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Methylene Chloride; Regulation of Paint and Coating Removal for Consumer Use Under TSCA Section 6(a)

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AGENCY:

Environmental Protection Agency (EPA).

ACTION:

Final rule.

SUMMARY:

Methylene chloride, also called dichloromethane, is a volatile chemical used in paint and coating removal products. In this final rule, EPA has determined that the use of methylene chloride in consumer paint and coating removal presents an unreasonable risk of injury to health due to acute human lethality. In order to address the unreasonable risk, EPA is prohibiting the manufacture (including import), processing, and distribution in commerce of methylene chloride for consumer paint and coating removal, including distribution to and by retailers; requiring manufacturers (including importers), processors, and distributors, except for retailers, of methylene chloride for any use to provide downstream notification of these prohibitions; and requiring recordkeeping. While EPA proposed a determination of unreasonable risk from the use of methylene chloride in commercial paint and coating removal, EPA is not finalizing that determination in this rule. EPA is soliciting comment, through an advance notice of proposed rulemaking (ANPRM) published elsewhere in this issue of the Federal Register, on questions related to a potential training, certification, and limited access program as an option for risk management for all of the commercial uses of methylene chloride in paint and coating removal.

DATES:

This final rule is effective May 28, 2019.

ADDRESSES:

The docket for this action, identified by docket identification (ID) number EPA-HQ-OPPT-2016-0231, is available at http://www.regulations.gov. A public version of the docket is available for inspection and copying between 8:30 a.m. and 4:30 p.m., Monday through Friday, excluding Federal holidays, at the U.S. Environmental Protection Agency, EPA Docket Center Reading Room, WJC West Building, Room 3334, 1301 Constitution Avenue NW, Washington, DC 20004. A reasonable fee may be charged for copying.

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FOR FURTHER INFORMATION CONTACT:

For technical information contact: Joel Wolf, Chemical Control Division, Office of Pollution Prevention and Toxics, Environmental Protection Agency, 1200 Pennsylvania Ave. NW, Washington, DC 20460-0001; telephone number: (202) 564-0432; email address: MCConsumerPR@epa.gov.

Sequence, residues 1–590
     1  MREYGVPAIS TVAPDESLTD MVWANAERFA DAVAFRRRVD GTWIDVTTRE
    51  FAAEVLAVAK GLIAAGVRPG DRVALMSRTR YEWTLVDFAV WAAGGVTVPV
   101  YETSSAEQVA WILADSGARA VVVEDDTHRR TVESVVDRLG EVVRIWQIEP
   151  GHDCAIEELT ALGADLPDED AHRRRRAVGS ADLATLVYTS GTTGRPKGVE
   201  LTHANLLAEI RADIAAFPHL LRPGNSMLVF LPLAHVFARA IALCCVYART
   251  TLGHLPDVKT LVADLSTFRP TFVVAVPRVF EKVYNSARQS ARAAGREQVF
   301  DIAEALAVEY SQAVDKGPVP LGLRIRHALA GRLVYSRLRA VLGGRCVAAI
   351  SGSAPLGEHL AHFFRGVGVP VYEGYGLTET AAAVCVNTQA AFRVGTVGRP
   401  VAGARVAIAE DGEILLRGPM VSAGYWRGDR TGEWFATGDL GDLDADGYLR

For general information contact: The TSCA-Hotline, ABVI-Goodwill, 422 South Clinton Ave., Rochester, NY 14620; telephone number: (202) 554-1404; email address: TSCA-Hotline@epa.gov.

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SUPPLEMENTARY INFORMATION:

I. Executive Summary

A. Does this action apply to me?

You may potentially be affected by this final action if you manufacture (including import), process, or distribute in commerce methylene chloride (CASRN 75-09-2). The following list of North American Industrial Classification System (NAICS) codes is not intended to be exhaustive, but rather provides a guide to help readers determine whether this document applies to them. Potentially affected entities may include:

  • Chemical and Allied Products Manufacturers (NAICS code 32411)
  • Chemical and Allied Products and Merchants Wholesalers (NAICS code 4246)
  • Building Materials and Supplies Dealers (NAICS code 4441)

This action may also affect certain entities through pre-existing import certification and export notification rules under TSCA. Persons who import Start Printed Page 11421any chemical substance governed by a final TSCA section 6 rule are subject to the TSCA section 13 (15 U.S.C. 2612) import certification requirements and the corresponding regulations at 19 CFR 12.118 through 12.127; see also 19 CFR 127.28. Those persons must certify that a shipment of the chemical substance (in this case, methylene chloride) complies with all applicable rules and orders under TSCA. The EPA policy in support of import certification appears at 40 CFR part 707, subpart B. In addition, any persons who export or intend to export a chemical substance subject to regulation under section 6 (in this case, methylene chloride) are subject to the export notification provisions of TSCA section 12(b) (15 U.S.C. 2611(b)), and must comply with the export notification requirements in 40 CFR part 707, subpart D.

If you have any questions regarding the applicability of this final action to a particular entity, consult the technical information contact listed under FOR FURTHER INFORMATION CONTACT.